If I were to make any suggestions it would be to start the book off with some simple instructions for installing and getting Hadoop up and running on a local machine, followed by some simple explanations of DFS and Hadoop's commands for managing the file system. I would also explain much earlier how to get your classes recognized by Hadoop for those a bit rusty at Java. Fortunately, the online Wiki was very good about providing instructions to get me going on a Mac, and that took a majority of OS-specific needs off the burden of the book. You will, no doubt, have to be intelligent to read this book, but if you're using Hadoop, there is already a prerequisite for technical proficiency you'll need to satisfy. Overall good job, Tom.
Was this review helpful to you?
Original review written by Paolo Canesi, JUG Lugano, [...]
Managing and analyzing huge data sets has become a very common problem in various areas of modern information technology, from different types of Web applications (social, financial, trading, ...) to applications for analyzing scientific data.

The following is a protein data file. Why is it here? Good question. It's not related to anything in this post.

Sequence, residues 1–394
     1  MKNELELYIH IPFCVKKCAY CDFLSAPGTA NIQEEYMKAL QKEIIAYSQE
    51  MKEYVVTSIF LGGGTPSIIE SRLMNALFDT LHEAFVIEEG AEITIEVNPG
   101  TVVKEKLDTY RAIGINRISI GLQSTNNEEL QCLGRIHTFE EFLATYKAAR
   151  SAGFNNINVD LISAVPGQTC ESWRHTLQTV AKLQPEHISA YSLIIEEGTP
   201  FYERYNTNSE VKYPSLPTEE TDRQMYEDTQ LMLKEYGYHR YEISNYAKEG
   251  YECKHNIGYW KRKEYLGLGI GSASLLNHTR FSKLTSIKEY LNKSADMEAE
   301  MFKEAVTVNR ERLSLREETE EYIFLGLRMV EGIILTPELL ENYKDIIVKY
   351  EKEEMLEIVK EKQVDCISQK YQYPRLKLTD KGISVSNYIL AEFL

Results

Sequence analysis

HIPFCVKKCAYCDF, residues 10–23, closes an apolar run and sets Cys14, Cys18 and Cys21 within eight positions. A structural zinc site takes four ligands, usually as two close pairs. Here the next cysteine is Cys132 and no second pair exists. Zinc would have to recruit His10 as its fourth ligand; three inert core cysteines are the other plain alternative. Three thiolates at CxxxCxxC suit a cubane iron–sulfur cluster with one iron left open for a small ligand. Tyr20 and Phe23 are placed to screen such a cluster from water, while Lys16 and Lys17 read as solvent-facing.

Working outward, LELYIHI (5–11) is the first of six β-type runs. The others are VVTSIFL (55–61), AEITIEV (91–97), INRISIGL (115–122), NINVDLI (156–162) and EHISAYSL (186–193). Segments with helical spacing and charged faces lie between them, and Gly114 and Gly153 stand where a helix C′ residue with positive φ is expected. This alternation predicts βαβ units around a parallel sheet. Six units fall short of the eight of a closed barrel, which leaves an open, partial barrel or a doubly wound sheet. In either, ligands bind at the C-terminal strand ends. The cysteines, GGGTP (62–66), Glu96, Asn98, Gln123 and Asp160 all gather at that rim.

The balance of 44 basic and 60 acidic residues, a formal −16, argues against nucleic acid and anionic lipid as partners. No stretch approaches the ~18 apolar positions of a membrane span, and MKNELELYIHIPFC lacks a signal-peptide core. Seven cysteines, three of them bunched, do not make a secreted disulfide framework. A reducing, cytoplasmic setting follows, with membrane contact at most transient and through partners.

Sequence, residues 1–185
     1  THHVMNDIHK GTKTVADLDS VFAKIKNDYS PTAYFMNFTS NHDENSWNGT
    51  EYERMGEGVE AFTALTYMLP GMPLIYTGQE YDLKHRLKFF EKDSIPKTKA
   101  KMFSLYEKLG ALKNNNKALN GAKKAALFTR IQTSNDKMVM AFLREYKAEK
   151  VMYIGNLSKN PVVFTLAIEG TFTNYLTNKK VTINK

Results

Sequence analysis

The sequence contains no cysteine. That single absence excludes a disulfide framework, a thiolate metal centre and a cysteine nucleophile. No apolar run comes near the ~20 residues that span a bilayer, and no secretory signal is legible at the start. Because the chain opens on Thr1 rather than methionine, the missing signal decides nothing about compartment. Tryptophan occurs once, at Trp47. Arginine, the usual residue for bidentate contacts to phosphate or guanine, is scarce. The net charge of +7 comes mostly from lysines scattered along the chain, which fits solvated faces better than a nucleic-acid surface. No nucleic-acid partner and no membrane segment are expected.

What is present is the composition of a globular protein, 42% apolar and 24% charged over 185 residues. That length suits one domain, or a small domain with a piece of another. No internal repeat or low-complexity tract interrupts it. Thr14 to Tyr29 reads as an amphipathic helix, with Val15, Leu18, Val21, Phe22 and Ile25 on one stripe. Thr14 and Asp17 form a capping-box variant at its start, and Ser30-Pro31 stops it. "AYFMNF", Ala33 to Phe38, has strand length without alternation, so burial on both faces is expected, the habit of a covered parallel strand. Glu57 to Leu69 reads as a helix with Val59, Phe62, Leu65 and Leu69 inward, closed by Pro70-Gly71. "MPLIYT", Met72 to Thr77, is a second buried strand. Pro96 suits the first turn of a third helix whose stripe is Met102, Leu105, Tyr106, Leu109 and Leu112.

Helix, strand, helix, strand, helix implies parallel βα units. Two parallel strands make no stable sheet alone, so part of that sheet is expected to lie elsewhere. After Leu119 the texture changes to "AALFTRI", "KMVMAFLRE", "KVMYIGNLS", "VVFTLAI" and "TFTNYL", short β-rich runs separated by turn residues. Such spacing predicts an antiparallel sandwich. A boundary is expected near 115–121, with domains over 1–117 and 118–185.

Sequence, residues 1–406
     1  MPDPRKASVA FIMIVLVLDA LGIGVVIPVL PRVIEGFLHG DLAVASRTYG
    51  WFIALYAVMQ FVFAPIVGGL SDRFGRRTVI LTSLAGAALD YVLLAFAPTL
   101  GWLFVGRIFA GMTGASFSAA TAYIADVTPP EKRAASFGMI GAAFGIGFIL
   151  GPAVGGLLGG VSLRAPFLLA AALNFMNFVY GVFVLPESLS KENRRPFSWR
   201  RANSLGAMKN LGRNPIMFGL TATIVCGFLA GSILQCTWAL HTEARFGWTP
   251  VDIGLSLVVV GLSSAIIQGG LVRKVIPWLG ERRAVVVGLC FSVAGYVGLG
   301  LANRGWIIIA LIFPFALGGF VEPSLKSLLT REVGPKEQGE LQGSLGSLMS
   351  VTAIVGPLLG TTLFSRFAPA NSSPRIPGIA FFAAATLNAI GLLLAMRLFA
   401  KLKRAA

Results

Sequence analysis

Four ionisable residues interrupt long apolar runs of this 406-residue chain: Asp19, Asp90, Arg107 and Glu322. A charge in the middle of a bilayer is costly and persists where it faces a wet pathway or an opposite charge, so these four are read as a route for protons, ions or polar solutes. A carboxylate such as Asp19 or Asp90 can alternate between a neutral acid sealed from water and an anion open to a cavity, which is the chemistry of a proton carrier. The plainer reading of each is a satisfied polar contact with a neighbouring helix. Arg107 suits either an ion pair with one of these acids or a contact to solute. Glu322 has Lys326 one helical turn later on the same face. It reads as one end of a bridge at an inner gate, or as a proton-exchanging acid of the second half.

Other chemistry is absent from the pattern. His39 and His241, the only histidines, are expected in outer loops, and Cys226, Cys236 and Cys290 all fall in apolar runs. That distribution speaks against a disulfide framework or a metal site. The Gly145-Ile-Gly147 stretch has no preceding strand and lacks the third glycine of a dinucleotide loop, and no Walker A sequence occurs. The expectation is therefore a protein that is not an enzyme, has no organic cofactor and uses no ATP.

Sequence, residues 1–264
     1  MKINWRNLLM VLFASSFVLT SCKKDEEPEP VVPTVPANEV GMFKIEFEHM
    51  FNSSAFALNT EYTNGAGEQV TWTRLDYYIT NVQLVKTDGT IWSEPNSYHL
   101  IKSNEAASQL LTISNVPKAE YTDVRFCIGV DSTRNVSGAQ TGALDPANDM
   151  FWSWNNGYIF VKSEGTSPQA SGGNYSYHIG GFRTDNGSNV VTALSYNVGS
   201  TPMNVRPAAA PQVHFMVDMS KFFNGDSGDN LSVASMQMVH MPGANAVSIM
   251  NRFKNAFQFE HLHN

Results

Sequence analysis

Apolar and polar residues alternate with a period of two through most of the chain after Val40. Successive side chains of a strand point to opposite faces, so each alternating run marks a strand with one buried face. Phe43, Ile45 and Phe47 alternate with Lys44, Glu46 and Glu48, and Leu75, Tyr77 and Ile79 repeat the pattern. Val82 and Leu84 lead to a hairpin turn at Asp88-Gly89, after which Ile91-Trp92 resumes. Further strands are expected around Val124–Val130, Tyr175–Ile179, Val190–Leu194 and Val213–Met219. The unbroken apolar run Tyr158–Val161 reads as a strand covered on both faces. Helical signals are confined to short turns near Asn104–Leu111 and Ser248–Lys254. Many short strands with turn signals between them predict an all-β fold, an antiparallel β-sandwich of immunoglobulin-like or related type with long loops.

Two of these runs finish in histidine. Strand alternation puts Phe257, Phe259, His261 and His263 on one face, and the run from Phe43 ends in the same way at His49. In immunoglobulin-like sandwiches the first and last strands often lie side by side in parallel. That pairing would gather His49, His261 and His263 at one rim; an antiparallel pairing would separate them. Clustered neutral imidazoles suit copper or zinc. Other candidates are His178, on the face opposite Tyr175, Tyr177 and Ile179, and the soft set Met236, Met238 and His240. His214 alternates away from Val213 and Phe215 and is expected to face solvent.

Distributed systems over a cluster of machines are almost a mandatory choice in such cases, but designing and implementing an effective solution in those areas may be troublesome and become a nightmare.
The Apache Hadoop Project is an infrastructure that helps the construction of reliable, scalable, distributed systems. Mainly known for its MapReduce and distributed file system (HDFS) subprojects, it actually includes other services that complement or extend them.
Tom Whites' "Hadoop: The Definitive Guide" is an enjoyable book which fully explains these complex technologies. The book is organized in such a way that the reader is gently guided into the Hadoop ecosystem. It begins with a couple of very readable chapters as a general introduction to the problems Hadoop is meant to solve and the main solutions to them (MapReduce and HDFS), then examines closely all its aspects, often describing what really happens under the scenes, giving useful design suggestions and common pitfalls descriptions. When reading this book you won't be overwhelmed by tons of lines of code: examples are short and yet effective.
This kind of structure makes it hard to classify the book as a mere tutorial or as a real reference guide, it can be rather considered a mix of the two.Read more ›
Was this review helpful to you?